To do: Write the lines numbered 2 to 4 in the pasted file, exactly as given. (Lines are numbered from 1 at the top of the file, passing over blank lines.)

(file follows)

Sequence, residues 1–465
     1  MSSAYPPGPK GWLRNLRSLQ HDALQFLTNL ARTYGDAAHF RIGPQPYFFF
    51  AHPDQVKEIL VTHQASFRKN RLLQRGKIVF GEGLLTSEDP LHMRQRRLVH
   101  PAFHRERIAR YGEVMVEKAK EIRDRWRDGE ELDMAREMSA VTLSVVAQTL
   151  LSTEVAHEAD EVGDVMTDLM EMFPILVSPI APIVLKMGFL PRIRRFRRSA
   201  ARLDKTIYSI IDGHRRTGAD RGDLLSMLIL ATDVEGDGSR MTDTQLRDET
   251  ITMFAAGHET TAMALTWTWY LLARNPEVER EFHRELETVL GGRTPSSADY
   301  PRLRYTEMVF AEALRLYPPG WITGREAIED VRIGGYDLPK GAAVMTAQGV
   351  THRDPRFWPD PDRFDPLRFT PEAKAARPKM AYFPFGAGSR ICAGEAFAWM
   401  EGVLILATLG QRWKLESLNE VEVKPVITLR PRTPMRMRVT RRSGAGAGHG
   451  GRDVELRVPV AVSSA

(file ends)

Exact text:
     1  MSSAYPPGPK GWLRNLRSLQ HDALQFLTNL ARTYGDAAHF RIGPQPYFFF
    51  AHPDQVKEIL VTHQASFRKN RLLQRGKIVF GEGLLTSEDP LHMRQRRLVH
   101  PAFHRERIAR YGEVMVEKAK EIRDRWRDGE ELDMAREMSA VTLSVVAQTL